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On this day in history, 17th November 1558, Queen Mary I, Henry VIII’s eldest daughter, died at St James’s Palace at the age of forty-two.
Mary had named her half-sister, twenty-five-year-old Elizabeth, as her heir and members of Mary’s council rushed to Hatfield to give the new queen the news of Mary’s death. On hearing the news, Elizabeth was reported to have recited a line from Psalm 118: “A domino factum est istud, et est mirablile in oculis nostris”, i.e. “This is the Lord’s doing; it is marvellous in our eyes.”
Elizabeth’s half-sister had reigned for just five years but Elizabeth would go on to reign for over 44 years.
Here are my 60-second history videos on these two queens regnant:
By 14th November 1541, things were not looking good for Thomas Culpeper, a member of the king’s privy chamber and a man who Francis Dereham, secretary to Queen Catherine Howard, had claimed “had succeeded him in the Queen’s affections”. It was on this day that an inventory was taken “of the goods and chattels, lands and fees of Thos. Culpeper, the younger”.
The inventory included his possessions “At the King’s palace of Westminster” which included “two caps of velvet (described) that the King gave him” along with other items of clothing and “some swords, daggers, and sundries”; his horses, harnesses for the horses and furniture “at various places”; “Debts and ready money owing to him”; revenues from his lands, which included several manors and a former monastery in Kent; his various offices (the king had been generous with these); his possessions in his house at Greenwich; and his furniture, hangings and possessions “within the great loge at Southfryth of Master Culpepper”.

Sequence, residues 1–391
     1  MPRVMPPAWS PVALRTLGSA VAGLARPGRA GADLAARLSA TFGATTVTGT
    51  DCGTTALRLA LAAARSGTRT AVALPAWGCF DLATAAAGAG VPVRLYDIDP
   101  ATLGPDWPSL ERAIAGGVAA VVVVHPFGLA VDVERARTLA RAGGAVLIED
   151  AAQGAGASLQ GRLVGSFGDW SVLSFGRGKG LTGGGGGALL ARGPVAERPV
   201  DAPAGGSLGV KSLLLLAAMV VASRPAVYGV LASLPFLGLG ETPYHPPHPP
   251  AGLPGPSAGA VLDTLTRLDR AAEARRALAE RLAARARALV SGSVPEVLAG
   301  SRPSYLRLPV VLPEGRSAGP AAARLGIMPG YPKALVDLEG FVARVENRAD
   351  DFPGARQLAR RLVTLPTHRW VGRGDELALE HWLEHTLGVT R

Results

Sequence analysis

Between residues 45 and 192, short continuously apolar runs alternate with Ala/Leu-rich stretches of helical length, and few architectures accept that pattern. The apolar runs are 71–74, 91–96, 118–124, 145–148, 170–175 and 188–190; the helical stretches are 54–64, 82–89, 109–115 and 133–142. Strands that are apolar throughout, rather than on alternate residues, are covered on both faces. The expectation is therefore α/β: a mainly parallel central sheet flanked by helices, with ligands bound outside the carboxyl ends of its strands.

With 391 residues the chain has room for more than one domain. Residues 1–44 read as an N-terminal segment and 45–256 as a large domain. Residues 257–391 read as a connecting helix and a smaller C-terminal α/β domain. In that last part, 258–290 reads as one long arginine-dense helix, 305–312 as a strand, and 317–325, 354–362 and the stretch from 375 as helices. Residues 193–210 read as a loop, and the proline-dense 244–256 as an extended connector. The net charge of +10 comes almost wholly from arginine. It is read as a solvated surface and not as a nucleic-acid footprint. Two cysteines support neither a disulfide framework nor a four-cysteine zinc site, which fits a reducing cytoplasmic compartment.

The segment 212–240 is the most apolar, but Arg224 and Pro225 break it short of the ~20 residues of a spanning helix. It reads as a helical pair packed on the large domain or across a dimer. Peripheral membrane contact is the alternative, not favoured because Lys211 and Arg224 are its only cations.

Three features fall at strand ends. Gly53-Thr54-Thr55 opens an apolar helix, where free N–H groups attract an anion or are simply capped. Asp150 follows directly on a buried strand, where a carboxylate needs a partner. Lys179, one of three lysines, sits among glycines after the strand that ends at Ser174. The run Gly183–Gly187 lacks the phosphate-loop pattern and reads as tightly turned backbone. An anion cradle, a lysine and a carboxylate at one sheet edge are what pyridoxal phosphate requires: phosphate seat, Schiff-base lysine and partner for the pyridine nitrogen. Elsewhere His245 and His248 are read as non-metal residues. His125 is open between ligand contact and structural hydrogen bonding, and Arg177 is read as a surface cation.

An inventory had also been taken of Jane Boleyn, Lady Rochford’s possessions by this time:
According to chronicler Edward Hall, a contemporary source, 14th November 1532, the Feast of St Erkenwald, was the wedding date of King Henry VIII and Anne Boleyn, Marquis of Pembroke. The couple had landed at Dover, on the Kent coast, at 5am that day, having spent just over a month away in Calais, and Hall […]
On this day in history, 13th November 1553, Lady Jane Grey (former Queen Jane), her husband Lord Guildford Dudley, his brothers Ambrose and Henry, and Thomas Cranmer, Archbishop of Canterbury, were tried for treason in a public trial at Guildhall in London. They were all found guilty and were condemned to death, the men being […]
At midnight on 12th/13th November 1532, King Henry VIII and his sweetheart,Anne Boleyn, Marquis of Pembroke, set sail from Calais to head back to Dover. Chronicler Edward Hall recorded: “On Tewesdaie at midnight he tooke ship, and landed at Dover the morowe after, beyng the xiiii. daie of Nouember, at v. of the clocke in […]
On 11th November 1534, Philippe de Chabot, Seigneur De Brion and Admiral of France, landed on English soil. The purpose of the diplomatic mission he was leading was to renew Anglo-French relations. George Boleyn, Lord Rochford and brother of Queen Anne Boleyn, was chosen to meet the Admiral and escort him from Dover to London. […]
On 9th November 1518, the sixth pregnancy of Queen Catherine of Aragon, Henry VIII’s first wife, ended tragically at Greenwich Palace. On 10th November 1518, Sebastian Giustinian, the Venetian ambassador, reported back to the Signory: “In the past night the Queen had been delivered of a daughter, to the vexation of everybody. Never had the […]
On this day in history, 8th November 1528, at Bridewell Palace, King Henry VIII made a public oration to “the nobility, judges and councillors and divers other persons” to explain his troubled conscience regarding the lawfulness of his marriage to Catherine of Aragon. Read more… On this day in history, 8th November 1541, Archbishop Thomas […]